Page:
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Truthful as Lived, In Reality or on Social Media

    Douglas Bedell
    By Douglas Bedell

    Categories: community, law enforcement, legal

    Geez, here's one that's really hard to take. Aaron Brockler, a former prosecutor in Cuyahoga County, Ohio, is upset because he apparently doesn't understand why it's not fair to seek evidence on social media via a concocted identity. Brockler, reports Nicole Black on the Idaho Business Review site, assumed on Facebook the identity of a fictitious former girlfriend of a defendant he was prosecuting and encouraged witnesses against the accused killer to change their testimony.

    Brockler was, of course, fired when his actions were discovered. Yet he maintains that, "Law enforcement, including prosecutors, have long engaged in the practice of using a ruse to obtain the truth. … I think the public is better off for what I did.”

    Using a concocted identity to chat with people online in a criminal case? Come on, that's deception, and our society's institutions of justice and fairness can't be preserved through deception, whether on social media or face-to-face.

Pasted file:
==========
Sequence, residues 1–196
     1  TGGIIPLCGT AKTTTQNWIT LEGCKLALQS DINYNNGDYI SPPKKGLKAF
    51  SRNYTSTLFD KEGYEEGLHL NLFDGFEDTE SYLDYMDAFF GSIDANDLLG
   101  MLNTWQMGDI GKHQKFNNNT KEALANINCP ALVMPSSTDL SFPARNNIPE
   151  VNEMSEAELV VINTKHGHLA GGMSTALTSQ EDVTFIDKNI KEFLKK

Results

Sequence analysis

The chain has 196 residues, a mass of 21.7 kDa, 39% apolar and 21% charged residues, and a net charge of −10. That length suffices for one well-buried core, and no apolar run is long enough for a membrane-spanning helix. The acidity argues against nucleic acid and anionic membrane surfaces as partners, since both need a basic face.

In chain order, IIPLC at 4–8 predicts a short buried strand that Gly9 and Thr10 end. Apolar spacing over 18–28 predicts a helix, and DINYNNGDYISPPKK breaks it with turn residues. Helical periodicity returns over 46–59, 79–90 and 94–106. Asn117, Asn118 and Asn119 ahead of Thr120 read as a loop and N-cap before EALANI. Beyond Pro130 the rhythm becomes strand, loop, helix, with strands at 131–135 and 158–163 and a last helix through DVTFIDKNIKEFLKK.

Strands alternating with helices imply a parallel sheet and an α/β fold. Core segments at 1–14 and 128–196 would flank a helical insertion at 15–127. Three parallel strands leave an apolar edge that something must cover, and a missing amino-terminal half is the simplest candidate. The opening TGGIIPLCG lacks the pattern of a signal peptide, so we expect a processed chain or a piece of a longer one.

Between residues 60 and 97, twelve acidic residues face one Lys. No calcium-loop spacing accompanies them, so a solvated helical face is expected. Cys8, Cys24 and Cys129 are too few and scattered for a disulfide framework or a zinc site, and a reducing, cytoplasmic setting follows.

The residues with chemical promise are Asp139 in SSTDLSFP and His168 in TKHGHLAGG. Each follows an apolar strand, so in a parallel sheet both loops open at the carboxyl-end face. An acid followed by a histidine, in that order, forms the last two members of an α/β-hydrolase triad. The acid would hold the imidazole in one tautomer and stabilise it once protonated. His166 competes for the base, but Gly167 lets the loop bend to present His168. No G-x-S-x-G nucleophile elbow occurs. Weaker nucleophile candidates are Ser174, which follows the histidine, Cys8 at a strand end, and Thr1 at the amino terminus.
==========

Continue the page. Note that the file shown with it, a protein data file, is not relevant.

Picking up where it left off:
Nicole Black supplies a half dozen citations as to why this is so – why social media is as much of an exchange medium as face-to-face communication. What's offered anywhere in our society – whether directly or interactively – needs to be as represented. Or else, how can we have any relational standards or, indeed, meaning?

    It's true that nasty people may be seek to take advantage of truthful conventions. But so be it. Deception is a negation of the values that hold our society together. A lawyer, certainly, should understand why that's so.

    At the end of her post, Nicole Black is identified as "a director of MyCase.com, a cloud-based law practice management platform." Yes, straightforward testimony, wether face-to-face or on social media is the standard expected among us, whether on our pavements or in "the cloud." Credibility is a value not to be trifled with – it holds society together. We need to believe in each other's testimony, and that's not possible if it's obtained deceptively.